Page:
Online Harassment MessagesCyberstalking has been on the front page of tabloids recently, reporting on the harassment of celebrities such as Alyson Hannigan and Avril Lavigne.  Harassed for weeks, Miranda Kerr shouted back at her cyberstalker after she met with police and cyber security officials to report the incident.

Miranda Kerr Twitter MessageYou don’t have to be a supermodel to be harassed online by trolls and cyberstalkers.  In fact, a recent report stated that a High Schooler’s top fear is being harassed online.

After my post, How Trolls Wreak Havoc for Site Owners, we received quite a few questions from readers, asking what steps they should take if you have been harassed by a troll or cyberstalker.  I was surprised to hear so many responses detailing your experiences with online harassment – at all levels of severity.  Let’s make one thing clear, cyberstalking and online threats must be taken very seriously and acted upon quickly to safeguard your reputation, privacy, and safety. To help you out with this, here are our top 5 steps to take if you feel you have been harassed or threatened online.


After the unwanted contact takes place, immediately report the incident to website administrators. This establishes a record of your request for help and notification to the site owner that there are abusive actions taking place on the site.  In certain cases, the site owners will issue a case number and levy penalties on the other member, such as closing their account. Although it often takes time to receive a response, it is important to establish a record, in the event that the stalking is prolonged and increases in severity.


It is important to evaluate how and when the troll or stalker began harassing you.  More often than not, the harasser is someone you know, and typically, there is an event or pattern of behavior that may give clues to identify the culprit.  Did you just break communication with a potential love interest?  Do you feel that someone is competing with you?  Are there any patterns of abuse or harassment in your past, even as far back as grade school? Though the motives of cyberstalkers vary, the ultimate goal is to inflict harm – whether emotionally or physically – so you should take the matter seriously.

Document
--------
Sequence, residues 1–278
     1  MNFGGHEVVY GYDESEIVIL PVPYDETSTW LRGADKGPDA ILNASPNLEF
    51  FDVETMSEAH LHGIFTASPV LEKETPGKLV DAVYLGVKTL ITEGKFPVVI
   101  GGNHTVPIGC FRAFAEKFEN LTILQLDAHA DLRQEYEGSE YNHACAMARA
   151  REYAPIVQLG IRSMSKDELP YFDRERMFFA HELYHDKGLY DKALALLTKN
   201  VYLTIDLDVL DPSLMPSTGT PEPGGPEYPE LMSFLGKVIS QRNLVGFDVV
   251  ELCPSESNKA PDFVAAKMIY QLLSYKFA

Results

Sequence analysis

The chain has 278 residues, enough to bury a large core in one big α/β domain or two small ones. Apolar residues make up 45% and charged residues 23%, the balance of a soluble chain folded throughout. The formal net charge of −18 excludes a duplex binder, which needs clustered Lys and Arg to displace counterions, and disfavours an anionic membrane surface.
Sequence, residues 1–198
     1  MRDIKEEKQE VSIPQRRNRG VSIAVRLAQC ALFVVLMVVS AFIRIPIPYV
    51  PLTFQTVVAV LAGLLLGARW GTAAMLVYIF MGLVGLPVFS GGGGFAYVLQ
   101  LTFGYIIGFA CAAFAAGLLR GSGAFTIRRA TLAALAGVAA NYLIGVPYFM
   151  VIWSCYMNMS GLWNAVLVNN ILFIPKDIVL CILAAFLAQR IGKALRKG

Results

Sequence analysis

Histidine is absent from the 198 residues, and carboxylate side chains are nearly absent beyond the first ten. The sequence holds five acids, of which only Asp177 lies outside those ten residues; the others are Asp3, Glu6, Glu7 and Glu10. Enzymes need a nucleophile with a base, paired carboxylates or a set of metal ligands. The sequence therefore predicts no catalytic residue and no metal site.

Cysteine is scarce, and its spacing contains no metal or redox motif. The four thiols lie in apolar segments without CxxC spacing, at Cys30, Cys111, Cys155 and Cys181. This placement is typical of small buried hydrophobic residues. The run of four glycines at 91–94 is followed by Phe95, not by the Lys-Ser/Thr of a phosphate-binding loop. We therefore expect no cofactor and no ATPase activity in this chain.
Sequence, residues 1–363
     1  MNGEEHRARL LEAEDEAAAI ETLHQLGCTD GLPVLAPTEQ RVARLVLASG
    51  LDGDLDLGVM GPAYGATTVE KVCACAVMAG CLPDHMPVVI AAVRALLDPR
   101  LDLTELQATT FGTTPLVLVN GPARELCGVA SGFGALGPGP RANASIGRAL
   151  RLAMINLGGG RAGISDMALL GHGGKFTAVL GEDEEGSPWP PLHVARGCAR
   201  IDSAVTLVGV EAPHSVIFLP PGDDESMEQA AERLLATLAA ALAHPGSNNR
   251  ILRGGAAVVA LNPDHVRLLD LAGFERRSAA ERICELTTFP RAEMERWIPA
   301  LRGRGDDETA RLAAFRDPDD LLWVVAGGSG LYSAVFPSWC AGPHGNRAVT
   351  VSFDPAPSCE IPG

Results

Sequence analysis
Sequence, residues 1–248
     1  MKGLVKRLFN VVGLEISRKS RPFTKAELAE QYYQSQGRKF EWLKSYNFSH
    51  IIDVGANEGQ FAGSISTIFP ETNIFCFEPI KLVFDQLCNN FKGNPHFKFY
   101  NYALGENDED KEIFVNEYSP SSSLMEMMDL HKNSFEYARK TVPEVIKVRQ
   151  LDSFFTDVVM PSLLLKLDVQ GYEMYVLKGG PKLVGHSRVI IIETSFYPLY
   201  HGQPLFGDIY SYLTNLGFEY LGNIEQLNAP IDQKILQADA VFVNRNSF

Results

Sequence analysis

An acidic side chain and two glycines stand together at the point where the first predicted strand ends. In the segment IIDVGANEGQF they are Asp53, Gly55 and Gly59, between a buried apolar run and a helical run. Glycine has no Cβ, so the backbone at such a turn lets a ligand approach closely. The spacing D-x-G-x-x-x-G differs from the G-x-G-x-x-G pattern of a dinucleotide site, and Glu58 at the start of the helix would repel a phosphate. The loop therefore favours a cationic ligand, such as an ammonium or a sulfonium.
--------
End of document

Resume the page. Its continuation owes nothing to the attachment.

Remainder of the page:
Save all communication with your attacker.   This can be difficult because cyberstalking often takes place across multiple sites from various fake profiles – all used to intimidate and reinforce their deceptive actions.  Stalkers even go so far as to get involved with your friends, sharing embarrassing photos or messages via emails, text messages, status updates, or comments.


From the very onset of the issue [or ASAP, even if you haven’t experienced harassment] you must evaluate your online profiles’ security precautions, checking what personal information is available about you publicly on the social web.  With the launch of Facebook’s GraphSearch, it’s easier than ever for trolls and cybercriminals to find private details about your life.  Do a full audit of your online profiles, making sure you don’t have any personally identifiable information available publicly (i.e. address, telephone number, birth date, etc).  Most social networks allow you to “view” your profile as seen from other points of view, which clearly illustrates which information is available publicly.


If you have taken all of these steps, and you continue to feel threatened, the final step is to report the issue to the police. This is where your diligent bookkeeping of events comes into play. Be sure to provide authorities with all communication, including copies of your original reports of harassment to the site administrators. This allows the authorities to issue a warrant to pursue further evidence.

Whether or not you have experienced a cyberattack, it is important to protect yourself online. And you don’t need to go so far as to delete your social profiles or avoid the Internet altogether. Simply, be cautious about befriending strangers on social sites, be careful about the information you reveal publicly, and take any and every threat seriously.  We should all be able to use the Internet without a constant fear of personal insults and threats – let’s make it harder for the bad guys to get away with it. 

Adam Nisbet

Adam Nisbet, Impermium’s media analyst, is researching emerging trends at the intersection of social media and security. He is a social media maven, an artist, a trekking enthusiast, and an esteemed jazz aficionado. Living in the Bay Area, it’s hard not to love the outdoors and traveling along the Pacific coast.

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